Hunger strike in Cuba
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    Rep. Mario Diaz-Balart, Obama administration demand release of Cuban prisoner

    Rep. Mario Diaz-Balart, Obama administration demand release of Cuban

    Vladimir Morera Bacallao hospitalized after 81-day hunger strike
    State Department, GOP Miami lawmaker express concern over dissident
    Dispute over political prisoner is hiccup in recent improved U.S.-Cuban ties
    McClatchy Washington Bureau

    In a rare alliance of often-conflicting viewpoints on U.S.-Cuban
    relations, Rep. Mario Diaz-Balart joined the State Department on Tuesday
    in calling for the immediate release of a Cuban political prisoner who
    is in intensive care following an 81-day hunger strike.

    Vladimir Morera Bacallao was one of 53 dissidents released from prison
    in January under an accord the previous month between President Barack
    Obama and Cuban leader Raúl Castro. But he was detained again in April
    after displaying a sign suggesting that the national elections were a sham.

    “The United States is deeply concerned about the deteriorating physical
    condition of Vladimir Morera Bacallao, who has been on a hunger strike
    since October to protest his imprisonment for peacefully expressing
    political dissent,” said Mark Toner, a State Department spokesman.

    Toner, noting that Morera Bacallao has been hospitalized, reportedly in
    very serious condition, added: “The United States urgently calls on the
    Cuban government to release” the dissident.

    The dispute was the most recent episode in a historic shift in relations
    between Havana and Washington over the last year.

    In a deal brokered by Pope Francis, the United States and Cuba in July
    opened embassies in the two longtime adversaries’ capitals, three months
    after Obama and Castro became the first U.S. and Cuban leaders to meet
    in more than a half century.

    As part of the movement toward normalized relations, the Obama
    administration has lightened restrictions on U.S. citizens’ travel to
    Cuba, although they must do so under a license from the U.S. Treasury

    State Department spokesman Mark Toner

    Despite the administration’s appeal for Morera Bacallao’s release,
    Diaz-Balart criticized both Obama and Castro for the dissident’s
    treatment by the Cuban government.

    “Morera Bacallao has risked everything for the basic right to have a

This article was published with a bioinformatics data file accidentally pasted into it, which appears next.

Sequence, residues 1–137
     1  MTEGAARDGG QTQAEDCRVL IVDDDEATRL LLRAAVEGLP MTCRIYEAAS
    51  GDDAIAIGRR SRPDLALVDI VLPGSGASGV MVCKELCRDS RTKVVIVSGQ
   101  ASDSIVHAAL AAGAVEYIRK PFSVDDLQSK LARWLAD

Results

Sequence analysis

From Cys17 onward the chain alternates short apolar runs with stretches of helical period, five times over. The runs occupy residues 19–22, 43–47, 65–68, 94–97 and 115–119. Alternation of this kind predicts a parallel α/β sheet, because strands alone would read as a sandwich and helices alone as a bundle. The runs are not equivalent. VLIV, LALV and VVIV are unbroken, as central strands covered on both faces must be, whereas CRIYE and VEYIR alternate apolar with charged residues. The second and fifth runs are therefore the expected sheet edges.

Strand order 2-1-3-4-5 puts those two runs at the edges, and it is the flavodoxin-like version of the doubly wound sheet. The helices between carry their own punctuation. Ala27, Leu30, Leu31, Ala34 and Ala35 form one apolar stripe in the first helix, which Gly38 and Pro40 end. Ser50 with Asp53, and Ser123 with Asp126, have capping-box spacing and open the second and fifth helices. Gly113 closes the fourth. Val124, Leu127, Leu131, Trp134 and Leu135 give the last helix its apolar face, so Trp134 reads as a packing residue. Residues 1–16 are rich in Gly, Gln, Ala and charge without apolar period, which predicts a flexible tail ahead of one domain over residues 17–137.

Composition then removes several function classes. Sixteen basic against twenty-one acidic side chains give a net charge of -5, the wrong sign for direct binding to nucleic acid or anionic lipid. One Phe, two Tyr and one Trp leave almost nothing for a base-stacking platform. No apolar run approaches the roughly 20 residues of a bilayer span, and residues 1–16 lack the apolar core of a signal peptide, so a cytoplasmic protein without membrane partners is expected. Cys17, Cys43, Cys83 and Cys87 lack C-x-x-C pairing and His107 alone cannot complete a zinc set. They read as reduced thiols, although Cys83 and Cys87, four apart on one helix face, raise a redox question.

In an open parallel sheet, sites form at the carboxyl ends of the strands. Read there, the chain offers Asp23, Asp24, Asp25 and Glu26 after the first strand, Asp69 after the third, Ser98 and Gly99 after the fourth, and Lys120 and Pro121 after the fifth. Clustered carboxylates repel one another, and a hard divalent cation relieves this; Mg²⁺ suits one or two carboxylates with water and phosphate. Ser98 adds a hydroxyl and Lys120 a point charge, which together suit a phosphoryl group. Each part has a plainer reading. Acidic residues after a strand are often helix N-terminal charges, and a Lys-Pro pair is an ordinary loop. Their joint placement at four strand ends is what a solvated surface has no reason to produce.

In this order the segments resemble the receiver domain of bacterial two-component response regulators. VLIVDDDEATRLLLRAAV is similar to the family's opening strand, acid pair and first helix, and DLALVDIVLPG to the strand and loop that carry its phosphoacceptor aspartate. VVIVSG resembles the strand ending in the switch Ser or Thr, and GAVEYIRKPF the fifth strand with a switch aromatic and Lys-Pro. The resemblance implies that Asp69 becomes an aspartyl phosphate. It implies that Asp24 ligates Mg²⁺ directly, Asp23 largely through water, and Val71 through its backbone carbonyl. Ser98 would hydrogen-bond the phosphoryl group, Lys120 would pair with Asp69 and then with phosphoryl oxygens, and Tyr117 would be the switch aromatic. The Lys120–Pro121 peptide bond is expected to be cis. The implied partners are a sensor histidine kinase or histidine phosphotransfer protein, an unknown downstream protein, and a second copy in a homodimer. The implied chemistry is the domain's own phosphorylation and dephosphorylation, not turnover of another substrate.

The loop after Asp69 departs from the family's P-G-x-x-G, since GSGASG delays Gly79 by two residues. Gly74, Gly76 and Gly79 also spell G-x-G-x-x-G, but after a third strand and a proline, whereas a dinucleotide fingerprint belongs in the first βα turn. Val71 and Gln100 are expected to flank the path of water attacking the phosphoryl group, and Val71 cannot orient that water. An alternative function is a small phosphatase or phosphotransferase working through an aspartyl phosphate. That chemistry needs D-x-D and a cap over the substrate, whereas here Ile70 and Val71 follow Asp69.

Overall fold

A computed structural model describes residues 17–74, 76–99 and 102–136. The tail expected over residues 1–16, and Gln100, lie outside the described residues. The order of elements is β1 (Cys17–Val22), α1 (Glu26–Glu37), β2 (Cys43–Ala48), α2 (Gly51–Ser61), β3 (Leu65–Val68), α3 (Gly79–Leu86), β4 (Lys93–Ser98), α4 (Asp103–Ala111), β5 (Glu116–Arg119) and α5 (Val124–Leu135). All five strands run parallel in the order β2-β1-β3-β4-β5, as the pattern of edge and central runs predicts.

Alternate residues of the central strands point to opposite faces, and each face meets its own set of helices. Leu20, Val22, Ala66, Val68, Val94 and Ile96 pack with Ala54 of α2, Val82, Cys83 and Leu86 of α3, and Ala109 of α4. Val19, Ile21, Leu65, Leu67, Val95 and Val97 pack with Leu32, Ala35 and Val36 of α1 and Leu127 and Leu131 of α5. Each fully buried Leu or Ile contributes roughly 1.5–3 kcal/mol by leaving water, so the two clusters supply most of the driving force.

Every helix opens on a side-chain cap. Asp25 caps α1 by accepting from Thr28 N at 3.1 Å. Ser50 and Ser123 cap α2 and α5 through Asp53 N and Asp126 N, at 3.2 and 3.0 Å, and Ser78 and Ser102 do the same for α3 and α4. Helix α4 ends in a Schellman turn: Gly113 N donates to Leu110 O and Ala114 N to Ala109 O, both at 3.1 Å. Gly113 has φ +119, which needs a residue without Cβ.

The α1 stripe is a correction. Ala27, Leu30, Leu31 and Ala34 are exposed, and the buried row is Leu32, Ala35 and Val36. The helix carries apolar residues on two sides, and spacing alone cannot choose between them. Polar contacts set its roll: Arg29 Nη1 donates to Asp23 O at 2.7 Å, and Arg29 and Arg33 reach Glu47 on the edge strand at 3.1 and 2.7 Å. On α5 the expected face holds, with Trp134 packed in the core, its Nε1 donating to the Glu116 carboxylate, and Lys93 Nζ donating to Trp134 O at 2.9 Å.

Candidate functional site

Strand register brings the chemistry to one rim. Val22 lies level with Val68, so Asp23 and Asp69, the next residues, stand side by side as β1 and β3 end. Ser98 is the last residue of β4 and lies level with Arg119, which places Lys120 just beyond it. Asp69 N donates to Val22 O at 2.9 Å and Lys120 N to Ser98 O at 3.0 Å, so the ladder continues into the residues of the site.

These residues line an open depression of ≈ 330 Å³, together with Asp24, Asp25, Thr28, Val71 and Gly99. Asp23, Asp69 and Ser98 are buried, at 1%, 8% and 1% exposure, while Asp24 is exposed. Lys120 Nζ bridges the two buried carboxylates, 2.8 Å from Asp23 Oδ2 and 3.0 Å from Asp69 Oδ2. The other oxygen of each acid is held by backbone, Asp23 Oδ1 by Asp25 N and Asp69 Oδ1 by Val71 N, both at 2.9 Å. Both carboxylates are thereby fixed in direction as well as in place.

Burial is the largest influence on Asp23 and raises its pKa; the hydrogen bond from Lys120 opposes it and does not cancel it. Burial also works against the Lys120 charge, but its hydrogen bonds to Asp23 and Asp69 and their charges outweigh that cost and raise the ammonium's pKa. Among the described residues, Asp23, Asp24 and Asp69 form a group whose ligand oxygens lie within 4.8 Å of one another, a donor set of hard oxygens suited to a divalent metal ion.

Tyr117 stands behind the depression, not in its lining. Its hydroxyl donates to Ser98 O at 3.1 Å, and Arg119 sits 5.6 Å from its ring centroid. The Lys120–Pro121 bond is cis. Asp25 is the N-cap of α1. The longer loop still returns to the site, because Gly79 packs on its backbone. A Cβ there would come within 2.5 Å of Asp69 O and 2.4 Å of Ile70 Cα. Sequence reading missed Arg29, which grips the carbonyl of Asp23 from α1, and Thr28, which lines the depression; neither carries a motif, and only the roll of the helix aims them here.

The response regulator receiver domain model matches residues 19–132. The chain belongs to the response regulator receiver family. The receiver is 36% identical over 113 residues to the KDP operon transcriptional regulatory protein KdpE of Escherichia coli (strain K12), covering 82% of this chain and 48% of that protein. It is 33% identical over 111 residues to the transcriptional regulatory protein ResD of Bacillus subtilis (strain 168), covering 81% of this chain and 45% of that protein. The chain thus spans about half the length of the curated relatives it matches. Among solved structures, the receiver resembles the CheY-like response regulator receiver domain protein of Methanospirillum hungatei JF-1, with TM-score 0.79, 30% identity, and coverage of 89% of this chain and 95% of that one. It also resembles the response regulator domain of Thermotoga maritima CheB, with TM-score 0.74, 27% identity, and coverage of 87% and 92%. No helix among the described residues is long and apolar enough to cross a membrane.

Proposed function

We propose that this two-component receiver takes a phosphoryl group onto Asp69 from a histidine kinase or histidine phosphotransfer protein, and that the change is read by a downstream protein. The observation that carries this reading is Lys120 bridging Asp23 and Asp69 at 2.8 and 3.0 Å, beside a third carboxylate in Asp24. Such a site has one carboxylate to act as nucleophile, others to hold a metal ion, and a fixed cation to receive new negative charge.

voice in his government,” the Miami Republican said. “His unjustifiable
    imprisonment and mistreatment are further indictments of the brutal
    malevolence of the Castro regime, and the utter failure of Obama’s
    appeasement of Cuba’s dictators.”

    As part of a broader normalization of relations under a Dec. 17, 2014,
    agreement, the Cuban government released the last of 53 political
    prisoners last Jan. 11 from a list compiled by the United States.

    “We know there are going to be human rights concerns we still have when
    it comes to Cuba, but we are very pleased that they followed through on
    this commitment,” Marie Harf, a State Department spokeswoman, said in
    January after all 53 had been freed.

    During municipal elections in April, Morera Bacallao erected a sign that
    read: “I vote for my freedom and not in an election where I cannot
    choose my president.”

    Two opposition members, Hildebrando Chaviano and Yuniel Lopez, were the
    first dissidents in decades to run in any election. Both lost their bids
    for local government seats.

    Despite the changes, the U.S. economic embargo of Cuba remains in
    effect. The U.S. Chamber of Commerce, saying the embargo costs the
    American economy $1.2 billion a year, backs Obama’s initiative to lift it.

    All eight U.S.-Cuban members of Congress, among them four from Florida,
    oppose normalized relations between the countries while Castro, the
    brother of longtime leader Fidel Castro, remains in power.

    Sens. Marco Rubio of Florida and Ted Cruz of Texas, both seeking the
    Republican presidential nomination, are among the most ardent opponents
    of improved ties.

    In addition to Rubio and Diaz-Balart, Republican Reps. Ileana
    Ros-Lehtinen of Miami and Carlos Curbelo of Kendall oppose normalized

    A Miami Herald poll published a year ago showed a distinct split in
    viewpoints between Cuban-Americans born in the United States and those
    who emigrated from Cuba.

    A total of 64 percent of those born in the United States supported
    Obama’s initiative to normalize relations, compared with just 38 percent
    of those born in Cuba.

    Source: Rep. Mario Diaz-Balart, Obama administration demand release of
    Cuban prisoner | Miami Herald –

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